Anxiety and stress are commonly felt in the workplace as a result of menstruation, workers reveal in a new report. To alleviate this, these employees are asking employers to normalise conversations about menstruation in the workplace.

A new report conducted by the menstrual equity charity Bloody Good found that there was a significant stigma surrounding menstruation and its effects in the workplace.

Around a quarter of workers who menstruate (25 per cent) confessed that they never openly discuss their period at work. When asked why this was, a third of respondents (33 per cent) stated that they felt it was “more professional” to not discuss this matter in the workplace.

Despite this stigma surrounding the topic, almost nine in 10 employees (89 per cent) stated that they had experienced some form of stress in the workplace because of their period.

However, ‘menstrual concealment’, a term to describe the silence surrounding menstruation, is causing serious damage for women at work. When in the workplace, almost a fifth of women (16 per cent) said that they either never or only sometimes have free access to toilets and breaks.

The same number of employees (25 per cent) reported that the time that they did have to take off from work due to menstrual health issues has impacted their career progression, showing the risks surrounding the taboo nature of menstruation in the workplace.

This attitude is leaving workers feeling disconnected from their employers. Almost three in 10 (27 per cent) confessed that they never felt supported by employers, with younger people feeling the least supported.

When asked how employers could help, almost two-thirds of respondents (63 per cent) said that it would be useful for employers to normalise conversations about menstruation in the workplace.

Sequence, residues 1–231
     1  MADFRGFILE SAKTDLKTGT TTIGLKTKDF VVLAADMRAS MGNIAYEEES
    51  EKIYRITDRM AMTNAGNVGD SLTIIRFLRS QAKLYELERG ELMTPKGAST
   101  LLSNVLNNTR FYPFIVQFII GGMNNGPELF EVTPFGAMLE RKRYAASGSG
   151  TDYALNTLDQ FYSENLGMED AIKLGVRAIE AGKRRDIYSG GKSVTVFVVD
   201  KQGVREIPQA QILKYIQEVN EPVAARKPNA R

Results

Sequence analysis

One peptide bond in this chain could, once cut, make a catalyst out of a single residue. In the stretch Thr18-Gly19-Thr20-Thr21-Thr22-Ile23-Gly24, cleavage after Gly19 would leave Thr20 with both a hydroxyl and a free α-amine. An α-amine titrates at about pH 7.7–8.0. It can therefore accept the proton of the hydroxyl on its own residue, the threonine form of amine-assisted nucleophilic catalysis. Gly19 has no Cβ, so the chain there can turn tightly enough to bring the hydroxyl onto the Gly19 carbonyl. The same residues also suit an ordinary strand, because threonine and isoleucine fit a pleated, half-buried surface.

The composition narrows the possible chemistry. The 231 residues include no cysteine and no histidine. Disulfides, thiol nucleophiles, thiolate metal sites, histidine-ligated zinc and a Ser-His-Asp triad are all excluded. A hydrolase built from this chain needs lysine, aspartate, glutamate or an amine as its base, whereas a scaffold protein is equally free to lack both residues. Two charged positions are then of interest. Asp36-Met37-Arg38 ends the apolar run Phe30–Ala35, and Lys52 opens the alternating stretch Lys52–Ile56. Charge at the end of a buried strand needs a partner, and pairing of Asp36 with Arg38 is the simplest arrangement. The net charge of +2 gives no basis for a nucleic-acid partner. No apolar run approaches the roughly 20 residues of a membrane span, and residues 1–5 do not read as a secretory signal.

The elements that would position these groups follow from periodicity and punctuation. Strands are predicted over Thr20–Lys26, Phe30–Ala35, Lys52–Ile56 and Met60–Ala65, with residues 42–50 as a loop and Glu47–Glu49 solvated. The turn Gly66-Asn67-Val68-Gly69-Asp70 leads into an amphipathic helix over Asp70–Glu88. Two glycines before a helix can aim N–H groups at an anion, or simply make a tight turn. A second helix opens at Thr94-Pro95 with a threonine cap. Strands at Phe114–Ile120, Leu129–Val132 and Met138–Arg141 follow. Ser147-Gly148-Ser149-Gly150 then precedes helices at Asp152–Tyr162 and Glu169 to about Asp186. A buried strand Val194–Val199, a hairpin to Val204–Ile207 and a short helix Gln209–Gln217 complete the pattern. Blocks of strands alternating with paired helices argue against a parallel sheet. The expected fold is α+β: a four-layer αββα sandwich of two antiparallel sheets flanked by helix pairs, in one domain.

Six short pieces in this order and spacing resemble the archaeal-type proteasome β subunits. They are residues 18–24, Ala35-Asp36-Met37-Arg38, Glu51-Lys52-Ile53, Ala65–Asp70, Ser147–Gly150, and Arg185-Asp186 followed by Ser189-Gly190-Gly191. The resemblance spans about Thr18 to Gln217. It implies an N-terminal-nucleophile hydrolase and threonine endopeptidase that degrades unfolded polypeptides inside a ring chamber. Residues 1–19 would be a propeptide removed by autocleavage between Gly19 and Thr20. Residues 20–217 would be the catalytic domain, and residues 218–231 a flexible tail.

A further six in 10 (59 per cent) wanted employers to provide more information about menstruation to all employees which would help to overcome ignorance linked to the topic and showcase that each person’s experience is different. It states that employers should move away from support being provided through personal relationships, i.e. relying on a senior manager’s experience to offer support. This could end up focussing the conversation around the senior staff’s experiences as opposed to an employee who is struggling.

Joe Gray, Employers project lead at Bloody Good Period, says:

The repetitive lack of communication around periods is at the heart of this ‘cycle of silence’.

 Most, though not all, workplaces have issues around stigma, non-disclosure around how periods can be challenging at work, and a general lack of knowledge. In spite of this, our research shows it is possible to exercise change, in a very human way. Even the simple act of taking part in this research encouraged managers to start talking and reflecting, and we also heard about positive rapport in workplaces that provide open and productive environments for these conversations. BGP believes the Covid crisis has focused attention on the changes that are possible at work.

Gabby Edlin, BGP founder and CEO, says:

More than ever, we have an opportunity to actively reshape our worlds and workplaces. There’s also a business case for doing this: we believe that supporting people when they have their periods can have significant mental health benefits, boosting satisfaction levels, happiness at work, productivity and loyalty. Looking after staff in a way that reflects their whole selves is the right thing to do.

This research was taken from Bloody Good Period’s report ‘Bloody Good Research: Periods and menstrual wellbeing in the workplace – the case for change’. This research surveyed 3,000 members of the public and also involved an employer-facing study.





Monica Sharma is an English Literature graduate from the University of Warwick. As Editor for HRreview, her particular interests in HR include issues concerning diversity, employment law and wellbeing in the workplace. Alongside this, she has written for student publications in both England and Canada. Monica has also presented her academic work concerning the relationship between legal systems, sexual harassment and racism at a university conference at the University of Western Ontario, Canada.